Austan Goolsbee, the former Chairman of President Obama’s Council of Economic Advisers, had a column in the Wall Street Journal that argues government spending isn’t too high.
That’s obviously a silly assertion, as I explain here, here, and here, but I want to focus on what he wrote about tax revenues.
Here’s the relevant passage from his column.
The true fiscal challenge is 10, 20 and 30 years down the road. An aging population and rising health‐care costs mean that spending will rise again and imply a larger size of government than we have ever had but with all the growth coming from entitlements—while projected federal revenues as a percentage of GDP after the rate cuts of the 2000s will likely remain below even historic levels of 18%.
He’s right that the main problem is in the future. As I’ve noted before, America is doomed to become Greece because of rising entitlement spending.
But he’s completely wrong when he implies that the problem is because taxes will stay below the long‐run average of 18 percent of economic output. Here’s a chart I posted last year showing that tax receipts will soon rise above the long‐tun average — even if the 2001 and 2003 tax cuts are made permanent. And these numbers are from the left‐of‐center Congressional Budget Office.
It’s rather shocking that a former Chairman of the Council of Economic Advisers isn’t aware of this CBO data. Or, if he is aware of the data, it’s unseemly that he would deliberately mislead readers.
But let’s set aside any discussion of why Goolsbee made such a fatuous claim about revenue. What really matters is that this is a debate about fiscal policy and the size of government.
The folks on the left want to convince us that inadequate revenue is causing deficits, both in the short run and long run.
We can see that they’re wrong in the short run.
But what’s especially remarkable is that they are wildly wrong about the future. The long‐run data from the Congressional Budget Office shows that the federal tax burden over the next 70‐plus years will jump to more than 30 percent of GDP.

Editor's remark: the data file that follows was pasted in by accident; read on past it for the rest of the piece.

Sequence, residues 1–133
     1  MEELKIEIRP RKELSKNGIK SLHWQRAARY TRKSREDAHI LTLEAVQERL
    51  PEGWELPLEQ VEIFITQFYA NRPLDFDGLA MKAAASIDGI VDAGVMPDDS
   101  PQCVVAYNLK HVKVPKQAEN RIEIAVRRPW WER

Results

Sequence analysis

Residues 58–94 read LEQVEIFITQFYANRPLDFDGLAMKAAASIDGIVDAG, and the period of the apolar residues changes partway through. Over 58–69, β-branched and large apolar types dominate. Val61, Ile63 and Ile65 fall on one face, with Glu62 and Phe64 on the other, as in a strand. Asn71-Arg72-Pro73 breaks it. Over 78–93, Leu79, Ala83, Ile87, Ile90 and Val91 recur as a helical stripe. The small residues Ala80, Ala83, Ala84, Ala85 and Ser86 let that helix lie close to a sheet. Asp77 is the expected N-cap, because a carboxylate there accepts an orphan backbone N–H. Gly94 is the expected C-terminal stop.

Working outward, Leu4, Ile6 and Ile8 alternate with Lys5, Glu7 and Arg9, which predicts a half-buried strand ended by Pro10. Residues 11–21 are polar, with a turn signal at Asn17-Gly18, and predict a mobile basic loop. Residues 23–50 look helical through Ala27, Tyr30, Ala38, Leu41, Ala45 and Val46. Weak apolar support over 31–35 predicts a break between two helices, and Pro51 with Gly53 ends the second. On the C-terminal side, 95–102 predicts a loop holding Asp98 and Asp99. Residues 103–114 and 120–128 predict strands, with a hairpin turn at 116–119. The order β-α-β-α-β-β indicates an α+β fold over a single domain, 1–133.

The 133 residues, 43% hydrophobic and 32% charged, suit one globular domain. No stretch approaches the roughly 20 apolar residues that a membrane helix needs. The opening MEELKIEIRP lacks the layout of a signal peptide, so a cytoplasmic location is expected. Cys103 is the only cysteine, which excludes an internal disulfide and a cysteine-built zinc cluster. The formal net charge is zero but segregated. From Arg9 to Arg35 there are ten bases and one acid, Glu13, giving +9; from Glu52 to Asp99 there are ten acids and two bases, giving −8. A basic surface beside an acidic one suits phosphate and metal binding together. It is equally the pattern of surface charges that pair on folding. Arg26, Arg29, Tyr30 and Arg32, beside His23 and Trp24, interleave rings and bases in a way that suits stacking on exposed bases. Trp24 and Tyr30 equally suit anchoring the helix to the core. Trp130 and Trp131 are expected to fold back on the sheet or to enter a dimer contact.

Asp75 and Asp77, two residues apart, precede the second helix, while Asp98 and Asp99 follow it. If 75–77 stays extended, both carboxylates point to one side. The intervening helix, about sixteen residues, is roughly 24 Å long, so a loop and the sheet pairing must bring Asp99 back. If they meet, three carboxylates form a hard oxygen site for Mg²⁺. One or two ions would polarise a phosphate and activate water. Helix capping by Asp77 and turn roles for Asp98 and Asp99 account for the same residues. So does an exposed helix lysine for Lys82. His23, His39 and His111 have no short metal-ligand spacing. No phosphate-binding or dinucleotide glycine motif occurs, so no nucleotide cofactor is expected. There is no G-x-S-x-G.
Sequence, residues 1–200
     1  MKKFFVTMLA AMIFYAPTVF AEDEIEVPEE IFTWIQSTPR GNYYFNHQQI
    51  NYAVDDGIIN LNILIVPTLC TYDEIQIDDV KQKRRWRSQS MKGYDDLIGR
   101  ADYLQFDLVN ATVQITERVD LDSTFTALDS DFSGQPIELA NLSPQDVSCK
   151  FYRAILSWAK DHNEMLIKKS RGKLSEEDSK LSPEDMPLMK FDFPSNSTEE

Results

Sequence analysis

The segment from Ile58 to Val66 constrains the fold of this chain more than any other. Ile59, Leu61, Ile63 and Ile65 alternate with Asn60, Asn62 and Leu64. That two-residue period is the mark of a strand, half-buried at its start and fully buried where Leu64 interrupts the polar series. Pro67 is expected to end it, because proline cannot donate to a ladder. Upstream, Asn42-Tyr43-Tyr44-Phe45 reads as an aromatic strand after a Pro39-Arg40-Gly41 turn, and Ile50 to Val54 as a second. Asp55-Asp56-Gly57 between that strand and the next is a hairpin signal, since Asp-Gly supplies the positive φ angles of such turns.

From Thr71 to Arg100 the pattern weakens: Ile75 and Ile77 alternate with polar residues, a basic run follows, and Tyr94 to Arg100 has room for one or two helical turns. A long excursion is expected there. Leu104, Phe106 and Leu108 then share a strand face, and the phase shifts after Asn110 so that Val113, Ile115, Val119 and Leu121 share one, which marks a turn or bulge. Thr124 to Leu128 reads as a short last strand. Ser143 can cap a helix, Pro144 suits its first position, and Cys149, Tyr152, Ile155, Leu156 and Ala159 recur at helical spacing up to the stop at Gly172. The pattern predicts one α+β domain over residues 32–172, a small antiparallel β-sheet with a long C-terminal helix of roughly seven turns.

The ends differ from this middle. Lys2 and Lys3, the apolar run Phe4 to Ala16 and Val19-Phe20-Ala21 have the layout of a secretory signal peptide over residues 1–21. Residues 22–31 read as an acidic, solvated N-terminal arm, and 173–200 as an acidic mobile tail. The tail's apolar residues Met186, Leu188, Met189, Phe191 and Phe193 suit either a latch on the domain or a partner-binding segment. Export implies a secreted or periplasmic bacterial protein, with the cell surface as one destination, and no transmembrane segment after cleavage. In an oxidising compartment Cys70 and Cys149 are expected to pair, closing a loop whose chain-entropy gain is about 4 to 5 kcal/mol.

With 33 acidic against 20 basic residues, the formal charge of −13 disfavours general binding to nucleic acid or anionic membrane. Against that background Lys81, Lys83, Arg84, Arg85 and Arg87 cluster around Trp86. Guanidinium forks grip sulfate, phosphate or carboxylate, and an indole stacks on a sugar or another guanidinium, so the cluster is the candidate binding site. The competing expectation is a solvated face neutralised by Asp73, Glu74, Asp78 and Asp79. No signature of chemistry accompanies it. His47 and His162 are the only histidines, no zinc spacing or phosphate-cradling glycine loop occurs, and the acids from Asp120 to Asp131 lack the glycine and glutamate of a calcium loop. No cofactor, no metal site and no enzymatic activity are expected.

This CBO baseline data assumes the 2001 and 2003 tax cuts expire, so it exaggerates the increase in the future tax burden compared to current policy. But even if you correct for this assumption and reduce tax receipts by about 2‐percentage points of GDP (and presumably even more than that in the long run), it’s clear that the tax burden will be far above the historical average of 18 percent of GDP.
It’s easy to understand why Goolsbee ignores this data. After all, why report on information that completely debunks the left‐wing argument about the supposed need to increase the tax burden.
But this isn’t the first time Goolsbee’s been wrong about tax policy. Let’s dig into the 2010 archives and share this video, which takes apart his arguments for class‐warfare tax policy.
So what’s the bottom line? Well, we know Goolsbee and other leftists are being deceptive about taxation.
But my main takeaway is that I wish the left would be honest and admit that taxes already are projected to increase. And I’d like them to level with the American people and admit that they want the tax burden to climb even faster because they want government to get even bigger.